Three Lease Issues That Can Kill a Business Deal

When my client decided to sell her business, she thought most of the issues would revolve around agreeing on the ultimate purchase price, and minimizing any claims the Buyer could make against her after the sale.  However, it turned out, lease issues posed the biggest problems.

  1. The first lease issue we encountered was getting the landlord’s permission to allow us to assign the lease to the buyer.  Under the lease, the landlord had no obligation to allow us to do this.  So, we had to get the landlord’s consent, and of course he was not going to give this without getting something in return (read: money).  We reviewed other business and legal strategies to avoid paying off the landlord.  For instance, we could have threatened to sell the business, have the buyer move to a new location, liquidate the company, and then just walk away from the lease.  But, a corporation can’t avoid paying a creditor by simply liquidating its assets and distributing excess money to the shareholders (a topic for another post).  Ultimately, we had to payoff the landlord, but we were successful in getting the buyer to contribute a portion of this payment because she wanted to stay in the same location.
  2. The second issue to resolve was the CAM (common area maintenance) adjustment.  The CAM provision required my client to help pay for improvements and repairs made by landlord in the prior year.  While normally not a big issue, the landlord had spent a lot of money in the prior year.  In fact, the CAM adjustment was so large it could have killed the deal if we had to pay it alone.  By developing a four-pronged negotiation strategy with the buyer, we were able to convince them to absorb some of this CAM adjustment.  This could have been avoided had the initial CAM adjustment provision been more effectively negotiated at the outset of the lease.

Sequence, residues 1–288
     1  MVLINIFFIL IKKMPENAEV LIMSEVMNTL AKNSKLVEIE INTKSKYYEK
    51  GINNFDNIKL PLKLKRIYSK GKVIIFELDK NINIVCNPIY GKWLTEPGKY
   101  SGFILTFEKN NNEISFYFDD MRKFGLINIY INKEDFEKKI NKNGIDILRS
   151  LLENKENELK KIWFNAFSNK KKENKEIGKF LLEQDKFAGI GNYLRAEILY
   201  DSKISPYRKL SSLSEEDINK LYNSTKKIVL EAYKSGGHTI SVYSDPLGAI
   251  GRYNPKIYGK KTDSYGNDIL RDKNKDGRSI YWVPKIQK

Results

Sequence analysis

3. The third and final impediment was the landlord’s demand the seller still be liable for another year of the lease after the sale, in case the buyer failed to pay rent.  Essentially, the landlord wanted us to act as the buyer’s guarantor for one year.  This was a very big problem because my client wanted to sell the business and not have to worry about further obligations.  If there were further debts, it might change the purchase price, or she might find a different seller who was possibly more credit-worthy.  Fortunately, I was able to develop a legal strategy to significantly minimize my client’s risk of having to pay even if the seller failed to pay rent.  Again, this issue could have been avoided had there been a comprehensive review of the lease at the time it was signed.

All too often, tenants are only worried about what they have to pay during their lease.  They don’t worry about what they have to do if they want to get out of the lease before it ends. However, these terms are critical for all businesses, especially small businesses, those in the retail industry, and those that are rapidly expanding. 

However, these terms are critical for all businesses, especially small businesses, those in the retail industry, and those that are rapidly expanding. 

While most of this could have been avoided with more upfront planning, we were ultimately able to resolve these issues; however, it took additional time and legal expense, as well as financial cost to bring the sale of the business to close.

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